The following stories appear in full on Today's Vidyya Medical News Service Web site.
Vidyya is pleased to provide our readers with a state by state listing of innovative HIV prevention activities that organizations, government groups and the state agencies have reviewed and deemed notable. These practices include strategies for supporting the community planning process, as well as innovative approaches to HIV prevention program service delivery. Practices include those funded with state and federal resources. Several relate to the intersection of prevention and care planning/programs, focusing attention on the important linkages needed to bridge the prevention-care continuum. Most of those listed include contact information so interested health professionals can contact the state organizations to exchange ideas and strategies for HIV prevention.
For more information: Bright Ideas: Innovative Or Promising Practices In HIV Prevention And HIV Community Planning
The US HIV epidemic, which began primarily among white gay men over a decade ago, has expanded to affect an increasing number of populations, with African-American communities among those most dramatically affected. Today, the disease poses a fundamental threat to the future health, well-being, and human potential of many African-American communities. African Americans are almost ten times more likely to be diagnosed with aids than whites, and there is evidence that this disparity is increasing. Race and ethnicity are not, themselves, risk factors, but correlate with other more fundamental determinants of health status such as poverty, access to quality health care, health care seeking behavior, illicit drug use, and living in communities with high prevalence of sexually-transmitted diseases (STDs).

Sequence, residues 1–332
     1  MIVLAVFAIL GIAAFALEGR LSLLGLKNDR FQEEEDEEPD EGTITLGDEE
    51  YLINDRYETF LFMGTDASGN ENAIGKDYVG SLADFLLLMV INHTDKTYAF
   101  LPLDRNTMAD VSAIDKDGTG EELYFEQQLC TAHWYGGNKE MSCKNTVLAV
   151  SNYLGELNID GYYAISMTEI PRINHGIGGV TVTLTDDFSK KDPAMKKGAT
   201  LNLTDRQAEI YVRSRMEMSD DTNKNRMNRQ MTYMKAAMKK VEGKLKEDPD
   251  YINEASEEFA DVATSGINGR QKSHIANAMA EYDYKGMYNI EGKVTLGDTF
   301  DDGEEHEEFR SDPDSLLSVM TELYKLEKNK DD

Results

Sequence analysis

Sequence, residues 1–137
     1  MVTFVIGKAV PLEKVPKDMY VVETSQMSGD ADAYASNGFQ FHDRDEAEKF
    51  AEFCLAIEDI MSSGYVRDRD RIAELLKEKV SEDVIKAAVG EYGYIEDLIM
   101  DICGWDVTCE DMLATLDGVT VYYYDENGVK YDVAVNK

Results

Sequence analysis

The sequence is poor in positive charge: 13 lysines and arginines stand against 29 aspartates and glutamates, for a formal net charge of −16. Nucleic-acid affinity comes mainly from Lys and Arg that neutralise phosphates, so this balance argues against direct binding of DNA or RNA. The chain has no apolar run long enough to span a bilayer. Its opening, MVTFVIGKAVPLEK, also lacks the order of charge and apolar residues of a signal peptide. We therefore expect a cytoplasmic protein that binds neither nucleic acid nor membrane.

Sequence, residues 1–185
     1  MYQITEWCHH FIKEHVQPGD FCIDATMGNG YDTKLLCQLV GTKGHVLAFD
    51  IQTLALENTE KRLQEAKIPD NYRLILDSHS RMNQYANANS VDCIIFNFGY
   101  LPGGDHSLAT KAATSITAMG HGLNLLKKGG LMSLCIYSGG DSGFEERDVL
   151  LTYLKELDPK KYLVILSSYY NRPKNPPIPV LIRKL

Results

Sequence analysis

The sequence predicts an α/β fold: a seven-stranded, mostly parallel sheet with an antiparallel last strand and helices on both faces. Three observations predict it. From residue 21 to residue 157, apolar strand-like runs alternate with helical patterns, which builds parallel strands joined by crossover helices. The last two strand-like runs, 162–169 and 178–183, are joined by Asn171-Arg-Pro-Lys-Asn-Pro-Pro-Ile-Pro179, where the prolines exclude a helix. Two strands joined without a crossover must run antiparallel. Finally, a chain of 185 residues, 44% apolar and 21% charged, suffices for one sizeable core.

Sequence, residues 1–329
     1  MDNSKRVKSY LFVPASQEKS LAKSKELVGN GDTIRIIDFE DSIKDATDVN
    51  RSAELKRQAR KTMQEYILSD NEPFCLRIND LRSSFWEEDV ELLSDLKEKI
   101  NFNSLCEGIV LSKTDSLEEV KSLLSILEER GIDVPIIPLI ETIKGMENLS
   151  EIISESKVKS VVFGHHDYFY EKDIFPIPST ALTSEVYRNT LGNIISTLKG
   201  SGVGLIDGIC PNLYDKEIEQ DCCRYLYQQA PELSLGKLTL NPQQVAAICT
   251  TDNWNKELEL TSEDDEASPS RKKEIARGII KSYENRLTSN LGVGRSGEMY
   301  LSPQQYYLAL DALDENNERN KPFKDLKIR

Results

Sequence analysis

For more information: On The Front Lines: Fighting HIV/Aids In African-American Communities
While African Americans face the greatest HIV and AIDS burden in the United States—accounting for an estimated 55% of new infections—the toll of the epidemic among Latinos cannot be ignored. Latinos in some areas of the country, primarily the Northeast, Puerto Rico, and Florida, are among the populations now at greatest risk of infection. Overall, Latinos represent an estimated 20% of new HIV infections.
For more information: Protecting the Health in Latino Communities: Combating HIV/AIDS
This patient handout explains that like all sexual activity, oral sex carries some risk, particularly when one partner or the other is known to be infected with HIV, when either partner’s HIV status is not known, and/or when one or the other partner is not monogamous or injects drugs. Numerous studies have demonstrated that oral sex can result in the transmission of HIV and other sexually transmitted diseases (STDs). Abstaining from oral, anal, and vaginal sex all together or having sex only with a mutually monogamous, uninfected partner are the only ways that individuals can be completely protected from the sexual transmission of HIV.
For more information: Information For Patients: Preventing the Sexual Transmission of HIV - What Patients Should Know About Oral Sex
Although this certainly will not be the first AIDS vaccine to enter human trials, Merck's testing of a new vaccine appears promising.
For more information: Merck Starts
Human Trials Of AIDS Vaccine
Today's Vidyya articles are:
As always, we hope you enjoy the issue.